Hi Bethany,The thermometer is to check the dough temperature. The ideal temp(for Alex Goh) is 28-29 deg C. This ideal temp varies from baker to baker.Knowing the dough temp lets me know if the next step - bulk fermentation will be shorter or longer than what's recommended. Higher temp = shorter time. It also helps me during the "autopsy" if the bread turns out poorly. (what not to blame) Lastly, if the bread turns out great and I want to bake it again and get the same result, achieving that same dough temp will be the key.
The bread dough was flattened to cover my entire baking sheet, the curry parcel was carefully placed in the middle and the dough sheet wrapped around it. A few pinches here and there to seal and it was left to rise before getting a shiny egg yolk glaze and a baking in the oven for about 25 minutes.
Thank you for sharing your bread recipe.I tried making the bun last week and proofing was alright.But when I baked the dough, it took less than 10 minutes and I took the buns out because top already browned.The bun is soft but not light and fluffy. It is quite heavy and some part still a bit wet.I did not baked long enough??Please kindly advice.
Thanks for posting all these wonderful recipes, tips and suggestions in your blog. This is an awesome blog. I am just figuring out what is happening to my bread (using the water roux) as it gets hard after the next day. Am dying to try this version also but am trying to get the water roux version right first though.
I tried this method before too.Have yet been able to decipher the best between tangzhong and this method as my bread results have been going up and down, still experimenting with the new mixer and and oven to get everything right.
Nice buns, gert ( no pun intended..lol).I've stopped making any kind of breads for the time being as it's cold here.I so malas to wait and it gets dark early here too.Feels weird to be in the kitchen tengah-tengah malam buta when actual fact it will only be 5pm..hehehehe.So,I'll just drool at yours saja la.
you must be referring to ' magic bread' yeah unfortunately there's no explanation on the gelatinised dough. I prefer this to the tangzhong method as i find the dough easier to handle and results wise, both still give very good results , water roux bread could be a little more fluffier!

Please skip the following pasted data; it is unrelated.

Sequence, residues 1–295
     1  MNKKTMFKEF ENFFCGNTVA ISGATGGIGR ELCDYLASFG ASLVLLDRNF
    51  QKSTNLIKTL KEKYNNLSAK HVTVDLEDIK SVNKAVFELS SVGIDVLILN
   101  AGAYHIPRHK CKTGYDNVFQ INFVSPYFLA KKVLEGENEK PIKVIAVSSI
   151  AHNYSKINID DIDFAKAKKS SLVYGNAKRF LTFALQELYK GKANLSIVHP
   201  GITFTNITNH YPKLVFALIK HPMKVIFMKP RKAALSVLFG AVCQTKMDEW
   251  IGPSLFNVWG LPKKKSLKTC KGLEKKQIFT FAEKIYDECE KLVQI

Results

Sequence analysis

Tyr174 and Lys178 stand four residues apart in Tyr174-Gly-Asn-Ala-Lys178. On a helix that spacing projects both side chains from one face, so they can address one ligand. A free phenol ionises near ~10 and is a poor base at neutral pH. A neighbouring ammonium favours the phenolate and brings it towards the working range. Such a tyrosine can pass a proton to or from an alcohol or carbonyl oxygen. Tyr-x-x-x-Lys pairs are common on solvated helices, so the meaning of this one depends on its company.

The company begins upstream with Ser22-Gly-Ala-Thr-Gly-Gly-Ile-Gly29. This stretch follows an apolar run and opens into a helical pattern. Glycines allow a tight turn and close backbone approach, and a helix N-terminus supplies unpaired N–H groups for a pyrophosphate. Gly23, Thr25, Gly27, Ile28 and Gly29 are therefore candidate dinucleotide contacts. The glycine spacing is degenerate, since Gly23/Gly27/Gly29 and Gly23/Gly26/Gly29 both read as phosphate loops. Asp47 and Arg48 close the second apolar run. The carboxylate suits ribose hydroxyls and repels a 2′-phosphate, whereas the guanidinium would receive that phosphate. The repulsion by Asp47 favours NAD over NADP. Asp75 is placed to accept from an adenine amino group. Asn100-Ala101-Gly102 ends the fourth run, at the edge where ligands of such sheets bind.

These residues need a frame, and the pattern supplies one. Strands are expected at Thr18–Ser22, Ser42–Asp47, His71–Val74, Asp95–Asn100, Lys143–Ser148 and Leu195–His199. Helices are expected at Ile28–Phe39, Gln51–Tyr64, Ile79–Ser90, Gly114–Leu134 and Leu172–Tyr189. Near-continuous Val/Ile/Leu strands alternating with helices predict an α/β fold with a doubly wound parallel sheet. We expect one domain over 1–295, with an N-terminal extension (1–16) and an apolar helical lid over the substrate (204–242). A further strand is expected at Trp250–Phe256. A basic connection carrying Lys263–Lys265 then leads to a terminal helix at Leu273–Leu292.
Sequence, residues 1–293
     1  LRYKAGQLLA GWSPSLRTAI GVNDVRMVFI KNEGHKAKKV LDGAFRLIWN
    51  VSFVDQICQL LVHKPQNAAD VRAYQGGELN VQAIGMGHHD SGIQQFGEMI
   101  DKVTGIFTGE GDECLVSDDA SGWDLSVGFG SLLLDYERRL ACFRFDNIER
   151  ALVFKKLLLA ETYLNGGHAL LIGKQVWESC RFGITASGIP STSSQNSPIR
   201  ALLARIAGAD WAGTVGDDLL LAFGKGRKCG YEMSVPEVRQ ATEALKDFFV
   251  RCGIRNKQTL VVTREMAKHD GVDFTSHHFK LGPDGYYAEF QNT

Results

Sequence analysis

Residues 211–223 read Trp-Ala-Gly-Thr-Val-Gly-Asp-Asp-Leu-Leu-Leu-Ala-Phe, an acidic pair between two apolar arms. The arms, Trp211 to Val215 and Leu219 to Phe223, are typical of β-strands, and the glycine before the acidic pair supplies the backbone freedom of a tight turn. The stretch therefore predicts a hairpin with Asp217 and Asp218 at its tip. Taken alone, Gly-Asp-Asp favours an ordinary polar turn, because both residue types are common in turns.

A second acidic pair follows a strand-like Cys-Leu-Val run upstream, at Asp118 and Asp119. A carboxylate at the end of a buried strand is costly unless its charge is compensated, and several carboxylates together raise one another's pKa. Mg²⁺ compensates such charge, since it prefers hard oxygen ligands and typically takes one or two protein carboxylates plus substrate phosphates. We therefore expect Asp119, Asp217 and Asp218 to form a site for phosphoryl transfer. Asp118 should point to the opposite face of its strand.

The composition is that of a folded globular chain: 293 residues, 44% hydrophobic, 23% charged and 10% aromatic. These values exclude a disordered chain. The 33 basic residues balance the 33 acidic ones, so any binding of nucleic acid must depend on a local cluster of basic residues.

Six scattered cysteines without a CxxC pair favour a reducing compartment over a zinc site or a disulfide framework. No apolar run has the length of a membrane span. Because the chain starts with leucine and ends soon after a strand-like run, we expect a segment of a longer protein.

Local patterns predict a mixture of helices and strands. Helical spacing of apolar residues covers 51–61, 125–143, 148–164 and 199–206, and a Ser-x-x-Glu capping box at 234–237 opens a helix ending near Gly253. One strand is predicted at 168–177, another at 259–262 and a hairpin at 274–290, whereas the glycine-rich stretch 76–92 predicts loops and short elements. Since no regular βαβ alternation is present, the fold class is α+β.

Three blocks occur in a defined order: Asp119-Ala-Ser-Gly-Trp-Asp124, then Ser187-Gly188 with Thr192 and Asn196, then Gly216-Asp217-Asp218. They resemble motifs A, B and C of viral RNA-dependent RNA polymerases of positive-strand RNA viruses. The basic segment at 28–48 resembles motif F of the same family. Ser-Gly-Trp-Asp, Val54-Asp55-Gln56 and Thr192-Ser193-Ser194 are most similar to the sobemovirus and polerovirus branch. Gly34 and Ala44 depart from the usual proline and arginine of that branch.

Cathy, thanks.Shirley, yea they are not that stiky. All your food looks great and they don't look like 'dog food'Jeannie, yea but lack of explanations though :)Reese, I baked these so I can give it to Diana as she can have it for her breakfast :)Sonia, thank you.Shaz, hope you try this out someday :)Wendy, yea sometimes my bread will turn out great sometimes not either. I guess making bread also depend on your mood :)Ann, thank you. Looking forward to see your bread.Hanushi, ooops. Forgot to include the pandan paste in the ingredients. I already added it in.Shereen, yea cold weather is not good for bread making. I know you like to bake bread late at night.
Yen, I used pandan paste.Lena, I got it mixed up :) I prefer fluffier texture for bread.Bee Bee, I forgot to take a shot of how it look like inside. Maybe next time when I make this again :)Leemei, me too. Reminds me of home :)Ilovecooking, I am in PA and I am able to get most of the ingredients here. Certain ingredients I have to get in from NY.Joyce, thank you.Kristy, thank you.
To think that the simple technique can result in such wonderful looking bun is amazing. Yes, from the last picture, I could tell it is very very soft. Just like those we get from Asian Bakeries! You knead well and make good breads HHB!
Nice buns...:) I have the same problem on breads and buns too, as the buns always go hard the next day. Btw, I haven't try any of the water roux method yet. Afraid its too difficult to handle, that;s why..;p
hi HHB, You are really good at bread making. The slitted buns look really professional. Even better looking than some of the ones sold in bakeries. Thanks for sharing the tips on how to do the slits. I think I shall get the book and try this one day. I will be practicing the direct fermentation method first before going on to other indirect methods and techniques like tangzhong, water roux and other western bread making methods. cheers and happy baking =]